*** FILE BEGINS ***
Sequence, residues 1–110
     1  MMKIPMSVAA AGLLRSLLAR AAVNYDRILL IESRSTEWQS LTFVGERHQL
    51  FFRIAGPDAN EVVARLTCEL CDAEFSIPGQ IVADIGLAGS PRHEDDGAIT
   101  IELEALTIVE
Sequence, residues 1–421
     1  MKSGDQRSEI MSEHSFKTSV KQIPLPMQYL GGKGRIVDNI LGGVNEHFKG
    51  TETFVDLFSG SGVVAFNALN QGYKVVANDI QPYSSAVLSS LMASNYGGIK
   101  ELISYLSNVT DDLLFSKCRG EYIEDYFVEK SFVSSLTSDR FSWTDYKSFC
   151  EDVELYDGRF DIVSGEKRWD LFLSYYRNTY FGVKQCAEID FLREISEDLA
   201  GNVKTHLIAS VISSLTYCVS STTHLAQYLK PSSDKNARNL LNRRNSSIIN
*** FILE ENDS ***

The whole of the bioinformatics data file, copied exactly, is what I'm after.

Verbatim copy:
Sequence, residues 1–110
     1  MMKIPMSVAA AGLLRSLLAR AAVNYDRILL IESRSTEWQS LTFVGERHQL
    51  FFRIAGPDAN EVVARLTCEL CDAEFSIPGQ IVADIGLAGS PRHEDDGAIT
   101  IELEALTIVE
Sequence, residues 1–421
     1  MKSGDQRSEI MSEHSFKTSV KQIPLPMQYL GGKGRIVDNI LGGVNEHFKG
    51  TETFVDLFSG SGVVAFNALN QGYKVVANDI QPYSSAVLSS LMASNYGGIK
   101  ELISYLSNVT DDLLFSKCRG EYIEDYFVEK SFVSSLTSDR FSWTDYKSFC
   151  EDVELYDGRF DIVSGEKRWD LFLSYYRNTY FGVKQCAEID FLREISEDLA
   201  GNVKTHLIAS VISSLTYCVS STTHLAQYLK PSSDKNARNL LNRRNSSIIN